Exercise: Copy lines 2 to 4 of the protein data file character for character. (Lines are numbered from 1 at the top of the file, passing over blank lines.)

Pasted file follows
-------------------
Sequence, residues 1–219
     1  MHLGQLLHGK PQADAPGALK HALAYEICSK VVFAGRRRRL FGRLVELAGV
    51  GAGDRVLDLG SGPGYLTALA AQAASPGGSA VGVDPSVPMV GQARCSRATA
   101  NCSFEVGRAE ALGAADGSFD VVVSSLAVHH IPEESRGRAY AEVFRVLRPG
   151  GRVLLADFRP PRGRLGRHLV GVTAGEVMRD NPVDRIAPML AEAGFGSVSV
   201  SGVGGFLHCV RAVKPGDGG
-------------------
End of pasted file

     1  MHLGQLLHGK PQADAPGALK HALAYEICSK VVFAGRRRRL FGRLVELAGV
    51  GAGDRVLDLG SGPGYLTALA AQAASPGGSA VGVDPSVPMV GQARCSRATA
   101  NCSFEVGRAE ALGAADGSFD VVVSSLAVHH IPEESRGRAY AEVFRVLRPG